Despite our best efforts to get better at making more of our kind, rather than making programming easier or less necessary to learn, online software development has welcomed new participants faster than any clique could hope to indoctrinate them. Arguably, that’s been true since Internet privatization. Self-aware culture creatures have readily acknowledged the fact, because nothing rallies troops like a sense of embattlement.
Not so the rising waves of apparent apostasy. Even those who have graduated established traditional schools of hacker thought—FSF, Debian, Red Hat—find the ideology faltering on contact with an expanding slice of the outside world. The outside world encroaches ever more often. Society is no longer in a mood to leave programming alone in its room with the machine, tying up the phone line, hoping it will come up with something good. Neither are most programmers. Confusing well informed dissenters for the uninitiated—if only they knew, they’d have to agree—is symptomatic. That can only work so long.
I keep returning to these quotes, which came across with such force in earlier days:
Every good work of software starts by scratching a developer’s personal itch.
— Eric Raymond, The Cathedral and the Bazaar
Given enough eyeballs, all bugs are shallow.
— Eric Raymond, The Cathedral and the Bazaar
Those mantras, coupled with a willingness to get very high on our own supply of hacker-grown political, ethical, and philosophical theory, write a recipe for insular monoculture. Which is what we had, even before Raymond:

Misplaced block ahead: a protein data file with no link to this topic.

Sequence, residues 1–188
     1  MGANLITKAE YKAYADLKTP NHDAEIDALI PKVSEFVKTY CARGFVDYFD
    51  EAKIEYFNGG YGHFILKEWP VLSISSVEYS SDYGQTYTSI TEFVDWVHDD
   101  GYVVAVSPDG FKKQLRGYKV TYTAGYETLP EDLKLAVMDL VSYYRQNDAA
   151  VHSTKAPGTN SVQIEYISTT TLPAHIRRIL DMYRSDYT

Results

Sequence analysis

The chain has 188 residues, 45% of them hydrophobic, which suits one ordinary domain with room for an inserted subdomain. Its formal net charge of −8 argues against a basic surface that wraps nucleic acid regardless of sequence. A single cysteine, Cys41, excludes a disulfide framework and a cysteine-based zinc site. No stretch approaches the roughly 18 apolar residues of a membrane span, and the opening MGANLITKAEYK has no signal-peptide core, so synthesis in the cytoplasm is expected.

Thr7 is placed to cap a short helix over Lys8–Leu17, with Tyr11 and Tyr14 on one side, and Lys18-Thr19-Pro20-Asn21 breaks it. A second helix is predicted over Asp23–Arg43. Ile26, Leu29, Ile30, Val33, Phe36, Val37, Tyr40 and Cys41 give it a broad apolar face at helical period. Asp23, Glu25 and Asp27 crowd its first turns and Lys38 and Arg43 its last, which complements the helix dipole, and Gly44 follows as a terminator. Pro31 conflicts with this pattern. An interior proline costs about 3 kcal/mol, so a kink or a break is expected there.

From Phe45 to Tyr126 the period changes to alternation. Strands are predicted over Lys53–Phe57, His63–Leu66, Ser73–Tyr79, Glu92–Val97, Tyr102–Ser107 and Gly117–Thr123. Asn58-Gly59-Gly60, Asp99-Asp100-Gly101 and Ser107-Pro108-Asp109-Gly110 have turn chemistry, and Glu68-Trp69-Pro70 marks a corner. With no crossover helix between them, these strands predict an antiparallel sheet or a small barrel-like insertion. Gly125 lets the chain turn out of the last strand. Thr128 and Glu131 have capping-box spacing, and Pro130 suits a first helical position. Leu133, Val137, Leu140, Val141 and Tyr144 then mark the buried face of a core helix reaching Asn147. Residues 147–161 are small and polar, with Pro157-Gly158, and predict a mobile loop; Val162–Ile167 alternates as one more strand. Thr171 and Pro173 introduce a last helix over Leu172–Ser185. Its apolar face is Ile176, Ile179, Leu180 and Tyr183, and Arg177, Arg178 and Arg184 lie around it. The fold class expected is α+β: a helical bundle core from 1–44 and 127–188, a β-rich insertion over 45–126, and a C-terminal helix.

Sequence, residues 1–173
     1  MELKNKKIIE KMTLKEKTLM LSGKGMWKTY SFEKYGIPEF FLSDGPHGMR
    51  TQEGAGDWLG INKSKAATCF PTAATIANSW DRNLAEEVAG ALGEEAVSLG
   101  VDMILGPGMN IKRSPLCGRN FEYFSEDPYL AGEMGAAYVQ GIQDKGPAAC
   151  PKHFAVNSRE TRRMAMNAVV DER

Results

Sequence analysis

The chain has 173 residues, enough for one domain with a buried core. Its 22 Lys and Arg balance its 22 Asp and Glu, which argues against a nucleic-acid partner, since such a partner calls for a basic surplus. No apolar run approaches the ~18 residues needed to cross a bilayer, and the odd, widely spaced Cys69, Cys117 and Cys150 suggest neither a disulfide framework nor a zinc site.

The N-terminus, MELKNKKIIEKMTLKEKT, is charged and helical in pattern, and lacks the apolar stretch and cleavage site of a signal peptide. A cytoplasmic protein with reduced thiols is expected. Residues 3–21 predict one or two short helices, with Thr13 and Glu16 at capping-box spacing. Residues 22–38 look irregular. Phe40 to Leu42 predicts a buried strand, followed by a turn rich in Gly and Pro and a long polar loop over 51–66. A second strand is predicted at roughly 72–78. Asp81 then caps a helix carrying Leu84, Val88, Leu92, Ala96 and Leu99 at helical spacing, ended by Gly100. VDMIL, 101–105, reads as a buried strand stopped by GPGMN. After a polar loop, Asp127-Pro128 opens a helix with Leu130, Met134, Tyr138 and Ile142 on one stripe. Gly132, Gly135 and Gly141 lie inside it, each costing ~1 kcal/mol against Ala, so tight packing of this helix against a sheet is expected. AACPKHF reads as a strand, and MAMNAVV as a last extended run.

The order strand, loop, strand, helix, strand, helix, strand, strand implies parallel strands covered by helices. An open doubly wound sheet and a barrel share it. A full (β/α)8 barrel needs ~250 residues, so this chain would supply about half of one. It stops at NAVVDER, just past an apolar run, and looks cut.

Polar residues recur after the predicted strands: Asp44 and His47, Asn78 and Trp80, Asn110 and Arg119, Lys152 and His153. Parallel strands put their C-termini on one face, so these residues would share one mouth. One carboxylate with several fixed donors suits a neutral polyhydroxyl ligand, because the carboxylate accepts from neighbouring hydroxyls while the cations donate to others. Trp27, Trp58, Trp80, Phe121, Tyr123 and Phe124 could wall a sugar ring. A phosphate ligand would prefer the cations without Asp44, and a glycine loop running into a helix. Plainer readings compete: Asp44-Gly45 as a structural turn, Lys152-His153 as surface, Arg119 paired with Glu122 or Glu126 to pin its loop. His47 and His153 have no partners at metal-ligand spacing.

“This is it … this is where I belong…” I know everyone here … even if I’ve never met them, never talked to them, may never hear from them again … I know you all …
— Loyd “The Mentor” Blankenship, The Conscience of a Hacker, 1986
When monoculture goes, it goes quickly. Unfortunately, we should probably expect more harassment, brigading, sockpuppetry, social media gaming, and ham-handed brinksmanship—all in evidence within open source long before social media went mainstream—as the pincers of the new, unconverted masses and veteran dissent begin to close. We should expect more gory harassment stories in 2020.
I write all of this with no small twinge of personal pain. There is more autobiography in the darker parts of this history than I’ll ever be comfortable admitting.
I know that I’ve contributed to a sense of unwelcome, and worse, for others in, around, and approaching open source. I have succumbed to force-fitting a lot of deep, squishy problems into tractable oversimplifications for the sake of feeling good about having all the right, rigid answers. If specific missteps weren’t so haunting, I’m sure they’d be overshadowed by concern for all the times I screwed up without noticing. But the faults I can’t forget sting all the more for my own rare but memorable experiences of bullying, discrimination, injustice, and sleight. Taking a bit of what I’ve given doesn’t make it a wash. It makes it worse.
So I write from no peculiar authority. I know my own story, I don’t fudge the facts, and I don’t question the code. When I fucked up, I fucked up, and I was wrong. In that continued recognition lies my sole moral qualification.
But in a strange way that perhaps shouldn’t seem so strange at all, I feel I might have more to offer precisely because I’ve come at least partway through, rather than sailed blissfully by, some of these troubled waters. And that’s what I’d offer here, to those suffering bad behavior, and to those themselves behaving badly, or who wonder if they might be.
Beware condemnation without redemption. Call it out, but it give it somewhere to go.
With nowhere to go, people doing or facilitating wrong, many of whom don’t know or notice at the time, will question the code. They’ll come to believe they were justified, if not affirmatively right, by some tortured moral calculus. They’ll have to.
On whatever side, be willing to be wrong. Morally. Intellectually. In matters of practical judgment. Otherwise, any gifts you may have in those areas go to thorough waste. Specialization is for insects. Consistency is for machines. And frankly, it’s a lot more fun being curious than right. And not just about licenses.
Here’s to a happier hacking, hopefully, in 2020 and beyond.